I over-invest in people, I already know that--most of the time, I over-invest in the wrong people because I think that maybe he or she will find me as worthy as I hope to one day find myself. But the obvious truth is that you should never depend your self-worth on what somebody else sees (or doesn't see) in you.

The problem with trusting people with so much of who you are is that there's a possibility they could walk out of your life the very next day and you'll feel robbed, as if they stole a part of who you are. I think I've realized now though that I chose to share those parts of me, and there's no blame to place on somebody if he or she eventually leaves. Friendships fall apart, relationships end--things happen.

That having been said, as sad as it is to let somebody walk away with a small piece of your deepest secrets and fears, sometimes it's necessary.

5. Related to the above: social-media self-control is easier than expected once you remember you enjoy not feeling miserable.
Even if you try to cut someone out of your life, social media is there to remind you it isn't quite that simple.

Of course, the obvious solution is to remove that person from all of your social networks and end any semblance of stalking ASAP--but that's always easier said than done. I've found myself many times in the past with the mouse hovering over an ex-boyfriend's name to see what he's up to, but none of those times I've ever clicked through have ended well.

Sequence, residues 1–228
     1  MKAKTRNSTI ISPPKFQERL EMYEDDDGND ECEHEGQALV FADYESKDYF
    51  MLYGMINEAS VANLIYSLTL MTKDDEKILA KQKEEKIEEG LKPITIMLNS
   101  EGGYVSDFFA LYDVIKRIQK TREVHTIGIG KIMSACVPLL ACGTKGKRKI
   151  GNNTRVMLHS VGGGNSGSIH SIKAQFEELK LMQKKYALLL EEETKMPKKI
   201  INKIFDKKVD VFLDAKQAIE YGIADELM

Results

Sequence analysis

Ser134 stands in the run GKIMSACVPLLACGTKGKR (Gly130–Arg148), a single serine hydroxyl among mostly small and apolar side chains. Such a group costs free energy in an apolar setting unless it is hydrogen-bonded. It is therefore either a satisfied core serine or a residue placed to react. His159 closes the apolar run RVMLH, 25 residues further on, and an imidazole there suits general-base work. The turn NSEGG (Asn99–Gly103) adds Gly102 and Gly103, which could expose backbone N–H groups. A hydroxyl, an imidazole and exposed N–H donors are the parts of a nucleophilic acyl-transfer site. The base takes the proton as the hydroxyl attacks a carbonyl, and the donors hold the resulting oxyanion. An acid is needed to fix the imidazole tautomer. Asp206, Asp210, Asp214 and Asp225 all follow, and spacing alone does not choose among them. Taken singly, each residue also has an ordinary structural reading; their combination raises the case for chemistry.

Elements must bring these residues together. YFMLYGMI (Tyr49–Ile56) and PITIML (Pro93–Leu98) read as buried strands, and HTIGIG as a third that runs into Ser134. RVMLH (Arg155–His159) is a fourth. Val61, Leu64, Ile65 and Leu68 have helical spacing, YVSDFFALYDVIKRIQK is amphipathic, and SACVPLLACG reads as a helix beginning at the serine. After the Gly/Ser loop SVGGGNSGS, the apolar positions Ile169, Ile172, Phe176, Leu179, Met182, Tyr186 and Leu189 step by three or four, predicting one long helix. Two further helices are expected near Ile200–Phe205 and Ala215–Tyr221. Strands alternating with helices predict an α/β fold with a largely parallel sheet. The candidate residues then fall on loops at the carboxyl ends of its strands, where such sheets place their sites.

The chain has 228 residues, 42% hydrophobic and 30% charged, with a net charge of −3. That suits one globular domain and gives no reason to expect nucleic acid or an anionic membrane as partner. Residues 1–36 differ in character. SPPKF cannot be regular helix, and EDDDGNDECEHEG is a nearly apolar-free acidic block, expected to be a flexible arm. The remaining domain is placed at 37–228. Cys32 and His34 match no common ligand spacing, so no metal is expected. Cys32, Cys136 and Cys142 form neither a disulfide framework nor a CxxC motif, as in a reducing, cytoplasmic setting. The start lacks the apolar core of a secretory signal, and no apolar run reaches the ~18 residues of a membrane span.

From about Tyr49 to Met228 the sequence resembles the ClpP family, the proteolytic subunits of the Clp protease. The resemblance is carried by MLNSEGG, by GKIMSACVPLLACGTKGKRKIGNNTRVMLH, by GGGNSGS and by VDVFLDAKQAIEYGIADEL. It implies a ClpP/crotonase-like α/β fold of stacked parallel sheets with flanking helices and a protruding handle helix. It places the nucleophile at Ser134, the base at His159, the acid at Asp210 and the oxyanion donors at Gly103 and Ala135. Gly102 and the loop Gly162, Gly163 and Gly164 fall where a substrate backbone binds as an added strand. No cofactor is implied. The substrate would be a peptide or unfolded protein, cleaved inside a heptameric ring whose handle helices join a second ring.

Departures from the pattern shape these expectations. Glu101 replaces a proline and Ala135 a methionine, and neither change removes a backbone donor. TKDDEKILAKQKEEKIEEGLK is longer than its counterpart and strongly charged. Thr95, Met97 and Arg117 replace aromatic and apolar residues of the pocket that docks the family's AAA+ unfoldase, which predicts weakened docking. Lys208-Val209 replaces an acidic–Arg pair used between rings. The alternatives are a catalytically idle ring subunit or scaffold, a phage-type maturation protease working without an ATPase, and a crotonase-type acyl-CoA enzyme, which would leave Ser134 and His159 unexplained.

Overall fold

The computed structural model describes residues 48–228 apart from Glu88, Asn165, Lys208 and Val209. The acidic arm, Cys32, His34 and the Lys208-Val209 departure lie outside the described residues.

The key? Ask yourself: "Would looking at x-person's [insert social network here] make me feel any better today?" I guarantee you the answer is pretty much always NO.

6. I could use some O.C. sand in my shoes.


I don't even love the beach, personally. But I would take a west coast beach, and the friends I've walked along those shores with, over an east coast beach in a heartbeat.

7. Long-distance friendships are hard.
All the Gchats, texts, and Facebook messages in the world cannot replace coffee dates, nighttime snack runs, laughing until you cry, and driving down PCH with the windows down and the music up too loud.

8. Loyalty never goes out of style.
Before he passed away, my grandfather's final job was as a Las Vegas chef. But he stopped working as the culinary strike of the '90s began to take shape. One of the final choices he was presented with in his life was from his hotel bosses, who offered him a lot of money to work through the strike.

This was the American dream, wasn't it? Especially for a man who, as a boy, was orphaned by war halfway around the world; a man who was once an educated engineer and teacher, but had to give it all up to flee the Communists; a man who labored his way from Brazil to Southern California in order to create a life for his wife and children who waited in Hong Kong while he ensured stability for them when they immigrated; a man who began working as a dishwasher and busboy, and learned only to cook through careful observation of people whose language he didn't quite speak.